“a new understanding of what it means to be human”
It was a fairly modest experiment, as these things go, with volunteers trooping into the lab at Harvard Medical School to learn and practice a little five-finger piano exercise. Neuroscientist Alvaro Pascual-Leone instructed the members of one group to play as fluidly as they could, trying to keep to the metronome’s 60 beats per minute. Every day for five days, the volunteers practiced for two hours. Then they took a test.
At the end of each day’s practice session, they sat beneath a coil of wire that sent a brief magnetic pulse into the motor cortex of their brain, located in a strip running from the crown of the head toward each ear. The so-called transcranial-magnetic-stimulation (TMS) test allows scientists to infer the function of neurons just beneath the coil. In the piano players, the TMS mapped how much of the motor cortex controlled the finger movements needed for the piano exercise. What the scientists found was that after a week of practice, the stretch of motor cortex devoted to these finger movements took over surrounding areas like dandelions on a suburban lawn.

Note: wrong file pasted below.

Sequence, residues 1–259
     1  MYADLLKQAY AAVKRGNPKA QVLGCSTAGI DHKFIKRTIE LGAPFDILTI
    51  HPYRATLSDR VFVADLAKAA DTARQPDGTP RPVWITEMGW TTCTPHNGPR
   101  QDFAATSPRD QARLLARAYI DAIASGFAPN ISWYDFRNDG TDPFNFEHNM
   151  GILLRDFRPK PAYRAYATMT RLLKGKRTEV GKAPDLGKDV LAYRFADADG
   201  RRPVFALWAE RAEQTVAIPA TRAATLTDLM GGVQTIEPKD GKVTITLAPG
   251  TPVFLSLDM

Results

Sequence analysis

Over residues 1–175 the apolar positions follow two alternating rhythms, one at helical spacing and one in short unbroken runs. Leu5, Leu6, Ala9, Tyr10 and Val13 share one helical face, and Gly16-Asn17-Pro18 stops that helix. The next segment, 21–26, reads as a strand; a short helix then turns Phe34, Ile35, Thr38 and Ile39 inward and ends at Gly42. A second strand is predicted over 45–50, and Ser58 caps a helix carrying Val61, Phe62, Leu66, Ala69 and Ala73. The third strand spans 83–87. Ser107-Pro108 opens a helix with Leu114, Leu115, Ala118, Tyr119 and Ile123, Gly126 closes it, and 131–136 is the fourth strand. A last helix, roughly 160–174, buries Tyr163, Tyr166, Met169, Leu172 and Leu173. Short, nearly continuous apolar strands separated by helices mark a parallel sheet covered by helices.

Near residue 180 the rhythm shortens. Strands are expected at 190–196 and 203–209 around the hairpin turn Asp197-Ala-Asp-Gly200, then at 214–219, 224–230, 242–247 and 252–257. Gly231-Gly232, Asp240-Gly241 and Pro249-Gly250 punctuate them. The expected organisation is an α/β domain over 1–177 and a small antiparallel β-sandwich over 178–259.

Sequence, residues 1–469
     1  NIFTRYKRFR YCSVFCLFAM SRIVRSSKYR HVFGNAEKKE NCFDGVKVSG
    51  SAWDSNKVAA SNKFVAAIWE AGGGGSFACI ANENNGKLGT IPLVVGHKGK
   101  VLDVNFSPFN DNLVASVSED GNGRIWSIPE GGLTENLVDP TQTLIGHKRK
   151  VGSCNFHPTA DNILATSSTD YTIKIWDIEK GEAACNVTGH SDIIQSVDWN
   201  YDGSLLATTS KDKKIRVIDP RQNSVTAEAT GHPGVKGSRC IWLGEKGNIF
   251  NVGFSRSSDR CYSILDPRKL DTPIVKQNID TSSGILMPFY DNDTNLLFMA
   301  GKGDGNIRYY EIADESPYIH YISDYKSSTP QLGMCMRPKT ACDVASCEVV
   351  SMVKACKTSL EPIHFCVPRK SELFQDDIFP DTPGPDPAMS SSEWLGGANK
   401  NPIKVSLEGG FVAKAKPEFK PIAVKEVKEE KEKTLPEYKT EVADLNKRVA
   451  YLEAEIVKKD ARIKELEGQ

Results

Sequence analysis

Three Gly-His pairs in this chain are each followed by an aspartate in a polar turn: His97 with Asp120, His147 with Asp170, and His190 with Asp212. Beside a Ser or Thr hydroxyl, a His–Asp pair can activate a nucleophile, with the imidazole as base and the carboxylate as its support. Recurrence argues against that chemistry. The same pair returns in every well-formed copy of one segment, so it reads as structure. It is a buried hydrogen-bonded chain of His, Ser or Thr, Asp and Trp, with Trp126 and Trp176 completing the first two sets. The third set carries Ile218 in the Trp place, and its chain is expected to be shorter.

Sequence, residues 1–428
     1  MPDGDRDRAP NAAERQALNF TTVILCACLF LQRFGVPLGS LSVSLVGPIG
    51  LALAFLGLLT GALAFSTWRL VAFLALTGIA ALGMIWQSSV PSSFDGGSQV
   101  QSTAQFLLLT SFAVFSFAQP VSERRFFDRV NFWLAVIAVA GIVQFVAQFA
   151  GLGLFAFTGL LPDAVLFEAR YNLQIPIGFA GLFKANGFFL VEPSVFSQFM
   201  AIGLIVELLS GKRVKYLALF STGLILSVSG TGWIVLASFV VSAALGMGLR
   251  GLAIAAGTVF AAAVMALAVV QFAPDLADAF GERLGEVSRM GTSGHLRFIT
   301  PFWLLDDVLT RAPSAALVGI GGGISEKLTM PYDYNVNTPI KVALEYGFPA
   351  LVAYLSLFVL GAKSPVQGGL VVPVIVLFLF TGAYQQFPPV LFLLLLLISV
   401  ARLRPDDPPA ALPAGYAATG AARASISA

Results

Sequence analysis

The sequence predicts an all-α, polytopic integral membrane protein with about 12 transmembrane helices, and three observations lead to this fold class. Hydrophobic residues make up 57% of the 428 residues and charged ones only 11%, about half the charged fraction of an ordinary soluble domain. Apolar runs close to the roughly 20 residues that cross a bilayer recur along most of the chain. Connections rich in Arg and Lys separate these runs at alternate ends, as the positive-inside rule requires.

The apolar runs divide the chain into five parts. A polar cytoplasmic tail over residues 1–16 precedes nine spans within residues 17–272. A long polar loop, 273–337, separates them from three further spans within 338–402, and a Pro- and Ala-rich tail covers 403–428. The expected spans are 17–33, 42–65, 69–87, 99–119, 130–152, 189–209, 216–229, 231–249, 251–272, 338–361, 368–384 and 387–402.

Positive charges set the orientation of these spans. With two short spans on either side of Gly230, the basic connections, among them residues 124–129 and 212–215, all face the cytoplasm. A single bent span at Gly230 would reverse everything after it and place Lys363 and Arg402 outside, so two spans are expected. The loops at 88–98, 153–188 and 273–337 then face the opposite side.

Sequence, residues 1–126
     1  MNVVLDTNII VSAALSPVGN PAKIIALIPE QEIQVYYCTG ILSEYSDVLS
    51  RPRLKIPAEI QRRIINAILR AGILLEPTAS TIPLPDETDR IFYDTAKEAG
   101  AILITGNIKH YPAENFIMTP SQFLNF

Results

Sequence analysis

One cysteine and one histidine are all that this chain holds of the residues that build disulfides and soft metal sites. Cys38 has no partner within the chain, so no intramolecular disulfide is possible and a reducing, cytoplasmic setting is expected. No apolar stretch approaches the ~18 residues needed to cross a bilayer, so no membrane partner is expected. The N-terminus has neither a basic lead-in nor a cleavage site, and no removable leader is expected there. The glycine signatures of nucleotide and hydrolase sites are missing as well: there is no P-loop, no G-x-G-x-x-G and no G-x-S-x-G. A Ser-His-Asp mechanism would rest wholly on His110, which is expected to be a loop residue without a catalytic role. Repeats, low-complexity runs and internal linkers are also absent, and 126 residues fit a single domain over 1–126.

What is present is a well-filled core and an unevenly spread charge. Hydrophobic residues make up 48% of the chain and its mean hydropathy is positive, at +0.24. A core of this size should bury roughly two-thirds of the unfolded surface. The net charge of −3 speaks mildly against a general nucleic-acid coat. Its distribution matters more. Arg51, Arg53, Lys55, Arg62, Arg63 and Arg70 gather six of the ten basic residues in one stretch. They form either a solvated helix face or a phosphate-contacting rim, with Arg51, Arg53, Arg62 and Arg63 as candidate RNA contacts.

The finding was in line with a growing number of discoveries at the time showing that greater use of a particular muscle causes the brain to devote more cortical real estate to it. But Pascual-Leone did not stop there. He extended the experiment by having another group of volunteers merely think about practicing the piano exercise. They played the simple piece of music in their head, holding their hands still while imagining how they would move their fingers. Then they too sat beneath the TMS coil.
When the scientists compared the TMS data on the two groups–those who actually tickled the ivories and those who only imagined doing so–they glimpsed a revolutionary idea about the brain: the ability of mere thought to alter the physical structure and function of our gray matter.